Animal and Plant Health Inspection Service (APHIS) looks to be working on new regulations to deal with brucellosis:

Brucellosis plan suggests special Yellowstone areaAP

The plan as now envisioned does not call for eradicating brucellosis in wildlife. McCluskey said that would have to be dealt with separately.

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Brian Ertz

2 Responses to New brucellosis plan under consideration

  1. JB says:

    “Montana state veterinarian Marty Zaluski said he believes the plan will pass muster if APHIS can provide the science to back it up.

    ‘It’s putting in some numbers or quantifying the risk, and then communicating what that risk is to other stakeholders, other states,’ he said. ‘The science is what will sell it.'”

    This is an odd statement. It seems to suggest the plan is to be based on education rather than eradication (which would be a novel approach from APHIS). Frankly, I don’t think a lot of people (stakeholders or otherwise) are worried about brucellosis, except as it impacts them. It will be…interesting to see what comes of this.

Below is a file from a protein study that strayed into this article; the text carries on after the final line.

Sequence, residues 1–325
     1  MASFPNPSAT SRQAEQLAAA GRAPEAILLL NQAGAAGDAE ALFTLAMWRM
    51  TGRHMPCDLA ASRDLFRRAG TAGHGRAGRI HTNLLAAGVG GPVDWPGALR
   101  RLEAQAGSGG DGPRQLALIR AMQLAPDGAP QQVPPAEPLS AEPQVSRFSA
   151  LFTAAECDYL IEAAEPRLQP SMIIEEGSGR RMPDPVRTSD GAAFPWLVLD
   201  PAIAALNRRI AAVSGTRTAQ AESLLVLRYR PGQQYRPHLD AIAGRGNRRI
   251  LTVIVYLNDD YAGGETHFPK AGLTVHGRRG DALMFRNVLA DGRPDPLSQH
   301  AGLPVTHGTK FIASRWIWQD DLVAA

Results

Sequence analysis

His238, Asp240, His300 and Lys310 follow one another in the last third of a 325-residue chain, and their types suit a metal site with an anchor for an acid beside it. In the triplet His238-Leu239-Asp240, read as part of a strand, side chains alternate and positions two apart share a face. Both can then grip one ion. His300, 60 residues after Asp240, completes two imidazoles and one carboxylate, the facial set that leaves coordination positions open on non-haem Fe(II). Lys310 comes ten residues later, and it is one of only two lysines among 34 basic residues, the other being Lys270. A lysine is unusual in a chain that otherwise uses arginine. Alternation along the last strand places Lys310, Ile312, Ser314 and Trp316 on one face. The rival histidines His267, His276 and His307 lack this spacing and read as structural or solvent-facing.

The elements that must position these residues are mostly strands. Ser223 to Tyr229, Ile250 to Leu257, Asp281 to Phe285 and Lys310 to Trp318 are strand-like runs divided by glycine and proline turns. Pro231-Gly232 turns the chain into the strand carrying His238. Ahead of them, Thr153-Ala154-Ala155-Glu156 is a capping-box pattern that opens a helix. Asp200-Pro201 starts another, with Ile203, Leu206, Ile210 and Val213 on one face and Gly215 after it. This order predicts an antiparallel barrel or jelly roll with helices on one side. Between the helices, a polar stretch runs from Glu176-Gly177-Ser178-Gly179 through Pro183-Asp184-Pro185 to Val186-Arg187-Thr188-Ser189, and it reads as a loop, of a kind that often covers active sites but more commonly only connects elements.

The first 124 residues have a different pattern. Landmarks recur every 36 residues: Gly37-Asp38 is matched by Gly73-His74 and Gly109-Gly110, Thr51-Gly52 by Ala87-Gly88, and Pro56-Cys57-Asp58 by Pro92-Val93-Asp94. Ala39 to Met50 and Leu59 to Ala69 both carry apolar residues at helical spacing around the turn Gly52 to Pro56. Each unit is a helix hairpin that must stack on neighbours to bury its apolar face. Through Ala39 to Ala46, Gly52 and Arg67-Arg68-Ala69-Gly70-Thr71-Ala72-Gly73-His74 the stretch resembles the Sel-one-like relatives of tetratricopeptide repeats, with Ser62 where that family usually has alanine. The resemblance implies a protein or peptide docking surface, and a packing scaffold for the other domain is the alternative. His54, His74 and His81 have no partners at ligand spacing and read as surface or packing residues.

2. A lot of us have been calling for some time a change to APHIS rules because in theory that should remove one more obstacle from the way bison are treated in Greater Yellowstone.

    So, we’ll see, but on the whole, this is a welcome move. It would make the cost of brucellosis even less than it already is. And, it would drive home the point that if you are in Greater Yellowstone, the cost of doing business has to be higher.


September 2008


‎"At some point we must draw a line across the ground of our home and our being, drive a spear into the land and say to the bulldozers, earthmovers, government and corporations, “thus far and no further.” If we do not, we shall later feel, instead of pride, the regret of Thoreau, that good but overly-bookish man, who wrote, near the end of his life, “If I repent of anything it is likely to be my good behaviour."

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